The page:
This section needs expansion with: the history beyond the foundation, and of the current status, facilities, and impact of the organisation. You can help by adding to it. (July 2009)
Before 1961 medical support at the diving section of HMAS Watson was provided by the District Medical Officer, Surgeon Lieutenant Commander Shane A.C. Watson, whose interest in diving led to research in injuries related to marine animals. Medical Director-General of the Royal Australian Navy, Surgeon Rear Admiral Lionel Lockwood, recognized the need for a specialisation in diving medicine and appointed Surgeon Lieutenant Commander Rex Gray to service in Underwater Medicine. Dr. Gray was an anaesthesiologist and accepted this commission on 20 February 1961.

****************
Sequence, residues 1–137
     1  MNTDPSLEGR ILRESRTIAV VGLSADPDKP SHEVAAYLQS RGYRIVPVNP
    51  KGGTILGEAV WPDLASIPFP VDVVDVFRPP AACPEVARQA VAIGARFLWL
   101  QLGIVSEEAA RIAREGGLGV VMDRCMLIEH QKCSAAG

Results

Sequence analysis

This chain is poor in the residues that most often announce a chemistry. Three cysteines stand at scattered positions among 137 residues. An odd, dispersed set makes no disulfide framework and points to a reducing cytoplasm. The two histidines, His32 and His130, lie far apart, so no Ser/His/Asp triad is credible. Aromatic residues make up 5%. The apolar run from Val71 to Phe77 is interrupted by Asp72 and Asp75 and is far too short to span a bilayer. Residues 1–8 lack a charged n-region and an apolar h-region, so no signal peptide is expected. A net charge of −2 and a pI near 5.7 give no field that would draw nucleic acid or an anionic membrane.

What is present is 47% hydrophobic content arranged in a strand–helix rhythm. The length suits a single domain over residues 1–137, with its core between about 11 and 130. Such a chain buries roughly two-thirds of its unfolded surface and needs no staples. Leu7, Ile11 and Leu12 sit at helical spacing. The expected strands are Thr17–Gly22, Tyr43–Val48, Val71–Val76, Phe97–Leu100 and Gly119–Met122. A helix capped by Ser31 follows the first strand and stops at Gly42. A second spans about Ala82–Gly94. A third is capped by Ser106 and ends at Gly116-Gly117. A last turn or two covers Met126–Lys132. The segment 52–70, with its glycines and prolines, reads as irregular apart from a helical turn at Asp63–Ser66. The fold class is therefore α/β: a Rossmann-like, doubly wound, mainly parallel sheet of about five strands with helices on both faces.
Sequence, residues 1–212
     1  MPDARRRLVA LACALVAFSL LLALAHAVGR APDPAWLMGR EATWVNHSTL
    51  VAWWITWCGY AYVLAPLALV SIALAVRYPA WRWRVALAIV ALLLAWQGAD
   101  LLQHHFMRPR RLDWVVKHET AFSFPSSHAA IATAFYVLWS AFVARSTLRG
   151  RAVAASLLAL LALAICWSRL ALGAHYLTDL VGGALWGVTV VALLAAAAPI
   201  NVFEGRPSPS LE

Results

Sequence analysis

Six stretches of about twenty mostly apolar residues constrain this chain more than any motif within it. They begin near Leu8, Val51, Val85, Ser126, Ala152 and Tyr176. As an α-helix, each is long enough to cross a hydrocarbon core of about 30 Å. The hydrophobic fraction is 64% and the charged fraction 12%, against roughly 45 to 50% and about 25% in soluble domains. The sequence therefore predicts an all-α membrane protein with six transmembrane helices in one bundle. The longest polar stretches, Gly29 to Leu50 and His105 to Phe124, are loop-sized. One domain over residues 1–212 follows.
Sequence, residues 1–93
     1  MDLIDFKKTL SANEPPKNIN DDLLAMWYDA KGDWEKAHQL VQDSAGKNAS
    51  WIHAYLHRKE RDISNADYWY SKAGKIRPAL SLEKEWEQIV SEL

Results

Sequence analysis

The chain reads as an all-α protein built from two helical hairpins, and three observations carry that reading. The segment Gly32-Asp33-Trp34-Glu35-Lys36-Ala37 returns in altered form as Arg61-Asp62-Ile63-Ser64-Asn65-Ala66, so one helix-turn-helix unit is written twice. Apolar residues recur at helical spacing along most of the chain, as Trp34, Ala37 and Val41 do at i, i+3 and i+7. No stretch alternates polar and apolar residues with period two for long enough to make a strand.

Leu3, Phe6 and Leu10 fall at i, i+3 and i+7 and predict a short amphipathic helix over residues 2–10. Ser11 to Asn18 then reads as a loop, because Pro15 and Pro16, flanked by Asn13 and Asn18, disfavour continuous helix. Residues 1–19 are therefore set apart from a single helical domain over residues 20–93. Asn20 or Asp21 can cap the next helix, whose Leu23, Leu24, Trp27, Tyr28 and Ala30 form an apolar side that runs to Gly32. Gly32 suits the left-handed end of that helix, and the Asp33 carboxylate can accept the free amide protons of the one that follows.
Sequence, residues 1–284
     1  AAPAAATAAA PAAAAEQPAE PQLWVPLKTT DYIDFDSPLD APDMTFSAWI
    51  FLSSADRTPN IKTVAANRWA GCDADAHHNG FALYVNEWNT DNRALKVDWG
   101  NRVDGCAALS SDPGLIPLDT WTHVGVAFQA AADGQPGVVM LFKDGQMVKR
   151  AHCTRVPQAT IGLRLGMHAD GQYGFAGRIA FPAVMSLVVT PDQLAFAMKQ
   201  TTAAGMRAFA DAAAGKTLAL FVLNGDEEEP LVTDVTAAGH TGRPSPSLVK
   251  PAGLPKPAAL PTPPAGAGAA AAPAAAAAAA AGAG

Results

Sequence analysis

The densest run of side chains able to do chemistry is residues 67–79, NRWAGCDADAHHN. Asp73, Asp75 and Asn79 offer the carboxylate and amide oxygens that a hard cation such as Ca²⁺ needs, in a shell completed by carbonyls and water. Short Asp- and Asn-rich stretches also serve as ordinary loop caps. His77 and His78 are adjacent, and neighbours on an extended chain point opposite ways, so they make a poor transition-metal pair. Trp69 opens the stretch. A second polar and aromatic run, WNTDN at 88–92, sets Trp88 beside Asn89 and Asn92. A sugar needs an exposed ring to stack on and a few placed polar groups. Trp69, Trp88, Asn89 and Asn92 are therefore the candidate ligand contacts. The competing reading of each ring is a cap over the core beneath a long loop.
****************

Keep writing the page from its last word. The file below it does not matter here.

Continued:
The first School of Underwater Medicine Report was issued in 1963 and outlined the need for communication with organizations with similar interests such as carbon monoxide poisoning and recompression chambers. The first eight-day Underwater Medicine course was held in May 1963, presented by Surgeon Lieutenant Commander A.A. Reid, and was followed by a thirteen-day course by Surgeon Lieutenant Commander B.M. Wadham, in June 1963.